Communities are rich in resources. While several of Bexar subsectors studied are considered poorer financially, many residents of these neighborhoods embraced positive aspects of their community, such as neighborhood cohesion and the strength of the residents themselves—their spirit, cultural diversity, and determination to make their community a better place.
Increasing awareness of existing programs and services is critical. Increasing marketing efforts of current resources and improving collaborations across organizations so that residents can be referred to different services from one location were seen as critically important for maximizing current resource utilization.
It is important for health programs and services to address people’s daily lives and needs. It was considered critical to include community members’ perspectives when developing and implementing programs to ensure that activities are salient to their needs.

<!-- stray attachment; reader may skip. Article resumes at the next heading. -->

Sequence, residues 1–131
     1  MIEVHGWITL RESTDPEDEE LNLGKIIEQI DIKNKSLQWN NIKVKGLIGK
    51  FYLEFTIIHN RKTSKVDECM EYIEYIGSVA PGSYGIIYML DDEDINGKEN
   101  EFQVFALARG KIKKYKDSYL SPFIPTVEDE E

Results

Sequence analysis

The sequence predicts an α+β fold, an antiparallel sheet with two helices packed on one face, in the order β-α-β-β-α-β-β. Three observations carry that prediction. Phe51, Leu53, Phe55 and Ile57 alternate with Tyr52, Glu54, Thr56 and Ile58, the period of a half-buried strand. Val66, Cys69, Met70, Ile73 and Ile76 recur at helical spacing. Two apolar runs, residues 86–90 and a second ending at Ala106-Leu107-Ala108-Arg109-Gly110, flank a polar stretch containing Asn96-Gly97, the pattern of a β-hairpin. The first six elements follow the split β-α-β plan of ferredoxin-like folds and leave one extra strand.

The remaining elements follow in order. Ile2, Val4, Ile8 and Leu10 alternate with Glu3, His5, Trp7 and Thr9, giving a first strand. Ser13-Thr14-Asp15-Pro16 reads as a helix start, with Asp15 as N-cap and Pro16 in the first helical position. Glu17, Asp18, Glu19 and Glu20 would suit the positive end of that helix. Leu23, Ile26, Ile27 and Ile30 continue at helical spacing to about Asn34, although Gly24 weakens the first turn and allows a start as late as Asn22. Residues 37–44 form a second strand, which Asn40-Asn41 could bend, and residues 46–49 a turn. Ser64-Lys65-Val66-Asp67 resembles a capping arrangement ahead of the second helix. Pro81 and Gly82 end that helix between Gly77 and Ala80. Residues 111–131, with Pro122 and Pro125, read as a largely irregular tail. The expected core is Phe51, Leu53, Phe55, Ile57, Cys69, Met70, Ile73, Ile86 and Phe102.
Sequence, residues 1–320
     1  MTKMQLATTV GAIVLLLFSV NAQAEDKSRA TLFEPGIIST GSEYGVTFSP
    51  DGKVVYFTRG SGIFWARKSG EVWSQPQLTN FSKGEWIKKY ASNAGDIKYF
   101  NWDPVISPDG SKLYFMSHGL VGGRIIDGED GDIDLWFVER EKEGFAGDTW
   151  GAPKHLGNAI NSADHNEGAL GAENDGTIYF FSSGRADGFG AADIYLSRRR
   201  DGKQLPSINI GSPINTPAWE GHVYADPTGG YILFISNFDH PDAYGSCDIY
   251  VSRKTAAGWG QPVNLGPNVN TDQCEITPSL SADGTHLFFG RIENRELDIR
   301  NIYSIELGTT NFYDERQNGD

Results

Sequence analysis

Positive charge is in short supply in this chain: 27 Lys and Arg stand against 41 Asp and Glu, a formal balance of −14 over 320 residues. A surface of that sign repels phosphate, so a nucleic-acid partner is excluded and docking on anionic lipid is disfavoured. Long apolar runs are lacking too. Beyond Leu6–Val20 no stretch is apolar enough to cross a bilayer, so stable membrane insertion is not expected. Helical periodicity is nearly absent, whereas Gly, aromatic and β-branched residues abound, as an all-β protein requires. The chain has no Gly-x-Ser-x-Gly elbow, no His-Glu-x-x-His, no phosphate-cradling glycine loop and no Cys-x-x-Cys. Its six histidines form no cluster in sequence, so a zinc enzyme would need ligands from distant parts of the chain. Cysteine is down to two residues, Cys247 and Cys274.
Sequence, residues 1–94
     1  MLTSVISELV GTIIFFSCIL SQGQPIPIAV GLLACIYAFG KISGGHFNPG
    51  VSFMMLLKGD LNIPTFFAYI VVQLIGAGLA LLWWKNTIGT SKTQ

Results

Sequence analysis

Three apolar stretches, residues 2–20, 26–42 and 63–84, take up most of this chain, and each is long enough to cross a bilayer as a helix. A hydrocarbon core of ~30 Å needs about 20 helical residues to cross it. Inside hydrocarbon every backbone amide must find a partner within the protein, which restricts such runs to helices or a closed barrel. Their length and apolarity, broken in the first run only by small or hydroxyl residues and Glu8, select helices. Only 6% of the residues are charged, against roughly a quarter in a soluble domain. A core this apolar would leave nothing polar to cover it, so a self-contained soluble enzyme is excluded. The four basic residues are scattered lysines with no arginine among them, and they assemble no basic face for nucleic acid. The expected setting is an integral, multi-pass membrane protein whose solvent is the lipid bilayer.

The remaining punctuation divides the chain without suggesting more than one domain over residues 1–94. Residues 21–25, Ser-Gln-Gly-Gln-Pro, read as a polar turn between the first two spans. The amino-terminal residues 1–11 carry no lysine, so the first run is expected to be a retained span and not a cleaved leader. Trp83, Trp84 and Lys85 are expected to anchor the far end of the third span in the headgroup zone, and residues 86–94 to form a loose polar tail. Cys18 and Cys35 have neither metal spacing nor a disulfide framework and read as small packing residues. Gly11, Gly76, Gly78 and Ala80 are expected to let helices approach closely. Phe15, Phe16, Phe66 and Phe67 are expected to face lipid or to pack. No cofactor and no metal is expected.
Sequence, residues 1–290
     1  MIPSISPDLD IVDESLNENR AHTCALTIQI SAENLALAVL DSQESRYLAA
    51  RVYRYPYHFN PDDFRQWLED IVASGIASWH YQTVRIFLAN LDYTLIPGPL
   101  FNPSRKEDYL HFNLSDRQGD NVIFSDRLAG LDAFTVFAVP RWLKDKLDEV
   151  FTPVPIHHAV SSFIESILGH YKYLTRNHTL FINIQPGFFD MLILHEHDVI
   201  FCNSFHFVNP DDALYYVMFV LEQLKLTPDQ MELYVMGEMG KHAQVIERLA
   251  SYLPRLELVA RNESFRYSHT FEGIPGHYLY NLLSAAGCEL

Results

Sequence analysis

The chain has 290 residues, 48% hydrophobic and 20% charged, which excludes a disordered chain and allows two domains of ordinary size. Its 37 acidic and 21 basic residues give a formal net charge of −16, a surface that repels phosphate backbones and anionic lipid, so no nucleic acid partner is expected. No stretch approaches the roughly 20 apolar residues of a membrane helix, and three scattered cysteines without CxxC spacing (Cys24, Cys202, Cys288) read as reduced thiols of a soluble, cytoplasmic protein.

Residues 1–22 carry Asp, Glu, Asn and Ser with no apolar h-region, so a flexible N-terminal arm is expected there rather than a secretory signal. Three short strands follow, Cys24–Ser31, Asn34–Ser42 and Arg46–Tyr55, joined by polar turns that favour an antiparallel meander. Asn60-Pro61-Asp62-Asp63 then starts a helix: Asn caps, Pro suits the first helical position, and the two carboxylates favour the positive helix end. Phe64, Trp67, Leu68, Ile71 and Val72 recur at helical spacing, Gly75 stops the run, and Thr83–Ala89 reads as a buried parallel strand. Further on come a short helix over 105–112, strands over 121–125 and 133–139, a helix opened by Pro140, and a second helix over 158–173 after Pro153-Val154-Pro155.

“Guided by these key themes, our report recommends action steps for the organizations, agencies and community partners working to improve health in Bexar County,” continued Dr. Blanchard.
Key Recommendations for Community Strategic Directions
Address the social determinants of health of a specific issue. The assessment notes that health is not a uni-dimensional concept, and a multitude of social and economic factors have a significant impact on health. Organizations and agencies focusing on health need to recognize that addressing the larger social and economic issues in people’s lives will result in improved health with greater sustainability. Workforce development, public transportation access and violence are all public health issues.